Product Design

Topics: Product life cycle management, Manufacturing, Variable cost Pages: 10 (2695 words) Published: May 21, 2009
Executive summary


1. Introduction

2.0Current design
2.1Product Description
2.3Value analysis
2.4Product life cycle
2.5Manufacturing method and materials

3.1Re- Design
3.2Value analysis
3.3Design for manufacture
3.4Design for assembly
3.5Design for Dis-assembly
3.6Design for sustainability


Executive Summary

A blinder is a smooth maker which provides various services. It has different kind of functions and used in household and restaurant. The operation method is very simple. Input Ac current from a wall socket and ingredients needed to mix a desire finish goods as output.

To develop or re-design a new product that will be appealing to the consumers. This is challenges for any kind of product. We analysed this product used various tools such as value analysis.

From analysis this report explained there are little room to improvement for design, manufacture and assembly. The many component of the product made from plastic and which is cheap as produce with economic of scale and recycle these parts easy.

This report will explain about sustainability and how EU control the waste by the implementing low.


The main objective of the blinder is to mix different ingredients to form of a new product, e.g. banana shake involved with mixing banana and milk. This is not always easy to bland because of different out put required different speeds to create a good mix. Because of that a blander will provide several speed settings. For smooth, well mixed products, it becomes necessary that a blinder will able to spin at a Varity of speed. The speed can be varying with the desirable output. The redesign of the product can be produce with economics of scale with maintain of environmental issue. Weihrich & Koontz (2005) explain that, create product ideas by examining consumers needs and screening the various alternatives, after the product is designed, prepare to lay out of the facilities to be used, plan the system of production, and schedule the various tasks that must be done.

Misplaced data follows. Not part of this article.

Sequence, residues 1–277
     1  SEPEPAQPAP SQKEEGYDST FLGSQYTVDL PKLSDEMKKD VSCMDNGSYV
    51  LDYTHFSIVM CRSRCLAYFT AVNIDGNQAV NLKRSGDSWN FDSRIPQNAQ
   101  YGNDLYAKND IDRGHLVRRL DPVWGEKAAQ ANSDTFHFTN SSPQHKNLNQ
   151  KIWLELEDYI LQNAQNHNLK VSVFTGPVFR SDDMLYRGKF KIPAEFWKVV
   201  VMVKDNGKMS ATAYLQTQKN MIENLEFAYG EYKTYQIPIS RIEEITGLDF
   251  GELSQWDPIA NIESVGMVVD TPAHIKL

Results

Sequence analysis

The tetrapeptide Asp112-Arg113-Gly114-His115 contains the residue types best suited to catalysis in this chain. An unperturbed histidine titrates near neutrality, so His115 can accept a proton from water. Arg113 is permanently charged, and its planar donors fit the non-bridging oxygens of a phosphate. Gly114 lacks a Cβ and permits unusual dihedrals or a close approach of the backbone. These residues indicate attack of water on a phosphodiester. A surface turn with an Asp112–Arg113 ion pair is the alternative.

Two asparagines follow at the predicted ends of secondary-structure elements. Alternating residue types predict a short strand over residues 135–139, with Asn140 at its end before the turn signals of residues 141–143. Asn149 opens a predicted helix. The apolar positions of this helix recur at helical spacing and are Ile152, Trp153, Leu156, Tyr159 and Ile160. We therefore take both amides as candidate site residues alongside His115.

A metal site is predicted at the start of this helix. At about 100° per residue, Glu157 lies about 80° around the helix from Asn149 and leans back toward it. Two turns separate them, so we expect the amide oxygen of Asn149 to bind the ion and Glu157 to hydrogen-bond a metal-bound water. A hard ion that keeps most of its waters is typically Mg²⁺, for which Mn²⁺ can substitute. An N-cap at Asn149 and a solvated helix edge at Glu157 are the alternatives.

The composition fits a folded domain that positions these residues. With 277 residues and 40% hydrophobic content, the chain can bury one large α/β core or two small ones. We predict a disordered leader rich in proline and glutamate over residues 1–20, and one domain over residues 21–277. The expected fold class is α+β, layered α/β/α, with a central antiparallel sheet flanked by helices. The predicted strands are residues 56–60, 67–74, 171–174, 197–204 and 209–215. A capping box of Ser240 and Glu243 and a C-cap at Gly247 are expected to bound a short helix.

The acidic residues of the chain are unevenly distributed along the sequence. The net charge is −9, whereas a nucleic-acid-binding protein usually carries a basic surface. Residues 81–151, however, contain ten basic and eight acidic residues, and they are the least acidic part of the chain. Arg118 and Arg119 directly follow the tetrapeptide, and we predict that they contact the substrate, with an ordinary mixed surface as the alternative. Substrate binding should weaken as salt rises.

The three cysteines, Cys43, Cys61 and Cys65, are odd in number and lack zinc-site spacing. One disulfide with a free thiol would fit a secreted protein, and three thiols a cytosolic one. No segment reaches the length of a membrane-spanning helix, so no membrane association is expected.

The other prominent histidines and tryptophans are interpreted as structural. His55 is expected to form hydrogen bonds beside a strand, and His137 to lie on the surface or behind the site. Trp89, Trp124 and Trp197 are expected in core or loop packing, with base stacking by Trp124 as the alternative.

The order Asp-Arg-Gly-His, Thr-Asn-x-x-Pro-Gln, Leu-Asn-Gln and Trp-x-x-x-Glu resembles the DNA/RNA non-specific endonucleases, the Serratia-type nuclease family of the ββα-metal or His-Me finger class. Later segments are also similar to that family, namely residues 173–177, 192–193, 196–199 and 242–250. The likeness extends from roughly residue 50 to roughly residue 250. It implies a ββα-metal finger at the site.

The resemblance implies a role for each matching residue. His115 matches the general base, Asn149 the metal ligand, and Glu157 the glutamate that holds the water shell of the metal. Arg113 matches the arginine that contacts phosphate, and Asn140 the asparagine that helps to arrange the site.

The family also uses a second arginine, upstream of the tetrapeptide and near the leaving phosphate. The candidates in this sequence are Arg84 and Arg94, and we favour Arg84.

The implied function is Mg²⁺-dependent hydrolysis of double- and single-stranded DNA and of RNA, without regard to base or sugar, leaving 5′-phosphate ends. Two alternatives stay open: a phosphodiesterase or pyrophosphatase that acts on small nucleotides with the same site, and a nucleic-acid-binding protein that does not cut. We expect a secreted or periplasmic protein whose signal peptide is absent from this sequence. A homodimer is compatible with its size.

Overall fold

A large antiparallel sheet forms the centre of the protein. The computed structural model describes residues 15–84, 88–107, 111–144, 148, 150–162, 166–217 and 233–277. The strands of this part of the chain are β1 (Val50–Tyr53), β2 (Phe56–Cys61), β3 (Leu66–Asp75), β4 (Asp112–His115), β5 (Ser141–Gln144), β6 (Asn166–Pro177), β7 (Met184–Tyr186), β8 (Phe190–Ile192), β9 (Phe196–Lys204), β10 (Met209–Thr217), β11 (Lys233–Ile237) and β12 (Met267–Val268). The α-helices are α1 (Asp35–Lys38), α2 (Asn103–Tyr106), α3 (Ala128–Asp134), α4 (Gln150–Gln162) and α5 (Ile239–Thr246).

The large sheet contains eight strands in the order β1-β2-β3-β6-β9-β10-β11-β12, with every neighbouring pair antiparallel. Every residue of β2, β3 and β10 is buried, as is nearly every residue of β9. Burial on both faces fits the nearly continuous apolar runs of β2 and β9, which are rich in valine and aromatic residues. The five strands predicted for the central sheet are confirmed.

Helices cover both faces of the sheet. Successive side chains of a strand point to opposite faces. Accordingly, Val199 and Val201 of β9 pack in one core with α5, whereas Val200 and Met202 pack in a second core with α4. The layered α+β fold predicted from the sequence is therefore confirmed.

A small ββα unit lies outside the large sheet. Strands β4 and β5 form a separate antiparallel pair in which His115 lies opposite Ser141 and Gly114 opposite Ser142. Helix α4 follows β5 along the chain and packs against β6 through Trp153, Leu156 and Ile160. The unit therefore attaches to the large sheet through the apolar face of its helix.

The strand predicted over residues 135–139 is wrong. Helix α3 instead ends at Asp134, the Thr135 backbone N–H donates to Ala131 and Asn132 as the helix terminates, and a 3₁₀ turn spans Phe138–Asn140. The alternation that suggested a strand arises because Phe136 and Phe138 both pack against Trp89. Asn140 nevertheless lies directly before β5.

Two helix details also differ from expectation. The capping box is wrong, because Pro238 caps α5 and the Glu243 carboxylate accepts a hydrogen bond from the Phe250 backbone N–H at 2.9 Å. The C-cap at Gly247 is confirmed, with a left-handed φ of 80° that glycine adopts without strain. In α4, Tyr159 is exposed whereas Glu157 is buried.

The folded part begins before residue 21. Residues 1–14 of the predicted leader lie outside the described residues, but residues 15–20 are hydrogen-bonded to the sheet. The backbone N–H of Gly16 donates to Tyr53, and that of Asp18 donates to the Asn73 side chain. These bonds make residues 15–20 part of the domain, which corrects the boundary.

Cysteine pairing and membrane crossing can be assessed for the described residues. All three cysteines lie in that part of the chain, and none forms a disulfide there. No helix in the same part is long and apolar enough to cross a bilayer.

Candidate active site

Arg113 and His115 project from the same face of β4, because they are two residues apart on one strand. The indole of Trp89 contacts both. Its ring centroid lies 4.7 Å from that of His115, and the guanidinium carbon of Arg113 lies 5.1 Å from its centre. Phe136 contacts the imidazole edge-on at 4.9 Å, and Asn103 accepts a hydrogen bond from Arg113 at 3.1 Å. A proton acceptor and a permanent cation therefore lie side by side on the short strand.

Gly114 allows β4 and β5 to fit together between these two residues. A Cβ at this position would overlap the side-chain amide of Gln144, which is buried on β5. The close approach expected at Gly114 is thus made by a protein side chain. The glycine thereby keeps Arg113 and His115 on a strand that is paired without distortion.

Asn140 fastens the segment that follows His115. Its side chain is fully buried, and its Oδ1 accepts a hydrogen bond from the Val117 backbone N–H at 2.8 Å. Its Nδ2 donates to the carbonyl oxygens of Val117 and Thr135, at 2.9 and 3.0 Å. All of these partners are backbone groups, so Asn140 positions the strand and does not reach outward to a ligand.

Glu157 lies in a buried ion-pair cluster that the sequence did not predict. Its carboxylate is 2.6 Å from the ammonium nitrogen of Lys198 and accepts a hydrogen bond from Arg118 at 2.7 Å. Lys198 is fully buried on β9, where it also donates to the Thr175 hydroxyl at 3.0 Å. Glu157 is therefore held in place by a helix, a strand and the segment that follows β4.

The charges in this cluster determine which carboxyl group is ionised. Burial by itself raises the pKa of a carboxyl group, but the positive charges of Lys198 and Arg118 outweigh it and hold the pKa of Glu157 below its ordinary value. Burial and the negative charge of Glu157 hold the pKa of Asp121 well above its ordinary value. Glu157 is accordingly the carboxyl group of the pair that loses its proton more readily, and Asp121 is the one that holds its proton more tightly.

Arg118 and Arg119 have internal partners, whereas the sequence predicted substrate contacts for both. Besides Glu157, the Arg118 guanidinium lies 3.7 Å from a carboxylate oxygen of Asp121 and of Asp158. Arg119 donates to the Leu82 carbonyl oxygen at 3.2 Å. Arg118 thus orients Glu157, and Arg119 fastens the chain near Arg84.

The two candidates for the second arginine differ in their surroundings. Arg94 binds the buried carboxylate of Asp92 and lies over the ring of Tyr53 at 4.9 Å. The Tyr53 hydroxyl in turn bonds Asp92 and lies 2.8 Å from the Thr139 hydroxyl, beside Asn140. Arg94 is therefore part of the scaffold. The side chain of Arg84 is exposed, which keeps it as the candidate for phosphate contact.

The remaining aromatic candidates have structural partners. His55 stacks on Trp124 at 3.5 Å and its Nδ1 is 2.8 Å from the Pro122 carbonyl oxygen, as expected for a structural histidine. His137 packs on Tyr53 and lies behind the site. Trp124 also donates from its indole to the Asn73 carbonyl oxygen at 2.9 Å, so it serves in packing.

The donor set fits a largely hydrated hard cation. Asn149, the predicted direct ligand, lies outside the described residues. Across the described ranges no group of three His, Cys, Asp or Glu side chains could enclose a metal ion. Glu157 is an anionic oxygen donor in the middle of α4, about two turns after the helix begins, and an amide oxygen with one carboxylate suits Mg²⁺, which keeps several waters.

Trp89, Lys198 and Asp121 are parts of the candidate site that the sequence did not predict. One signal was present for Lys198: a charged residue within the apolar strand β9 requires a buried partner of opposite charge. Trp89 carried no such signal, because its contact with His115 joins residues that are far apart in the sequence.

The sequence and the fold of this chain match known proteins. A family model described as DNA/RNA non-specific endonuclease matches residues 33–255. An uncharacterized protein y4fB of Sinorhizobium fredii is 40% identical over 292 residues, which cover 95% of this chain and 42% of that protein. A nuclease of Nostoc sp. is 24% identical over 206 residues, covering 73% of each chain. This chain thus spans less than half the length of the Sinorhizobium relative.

2.0 Current design:
This type of blender can be made of glass, plastic, stainless steel or porcelain. Design is a problem solving activity (Lecture notes). Designer must be developing a product or service that meets a customer wants and needs through dissatisfaction. (Appendix 1). The demanded for the blinder is defined.

The PDS shows that top of the container are a lid to prevent ingredients from escaping during operation. At the bottom is a blade assembly, sometimes removable for cleaning purposes. In cases where the blades are removable, the container should an o-ring between the body of the container and the base to seal the container and prevent the contents from leaking. The container rests upon a base that contains a motor for turning the blade assembly and has controls on its surface. Most current blenders offer a number of possible speeds. Low – powered blenders require some liquid to be added for the blender to operate correctly. High-powered blenders are capable of milling grains and crushing ice without such assistance.

2.1 product description:

Stand Blender

-5 Speeds with pulse
-Capacity: 1.5 L
-Powerful 450 W motor
-Stainless steel blade
-Transplant glass Jug.
-Voltage: 120V/230V
-Wattage: 500/450 W

2.2 Application:
First, after remove the blender from the box and plug it in to a 120V wall socket. The consumer must then assemble it by placing the lid on the pitcher, the nozzle on the bottom, and attach the pitcher to the blade turner. Second, the pitcher can only fit in to the base one way because of the grooves and the markings. Third, the consumer would then fill the pitcher with whatever they would like to blend before adjusting the speed. There are three options: smooth, mix, and pulse. These basic descriptions for the speeds are clear and easy to understand. "Smooth"...

References: Galloway L and Rowbotham F & Azhashemi M (2000) Operations Management in Context. 1st edi. Oxford, BH.
Weihrich H & Koontz H (2005) Management. 11th edi. London, Mc Graw hill.
Boone L & Kurtz D (1990) Contemporary Business. 6th edi. London. The Dryden Press.
Lecture notes
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Appendix :1 Design Flow chat
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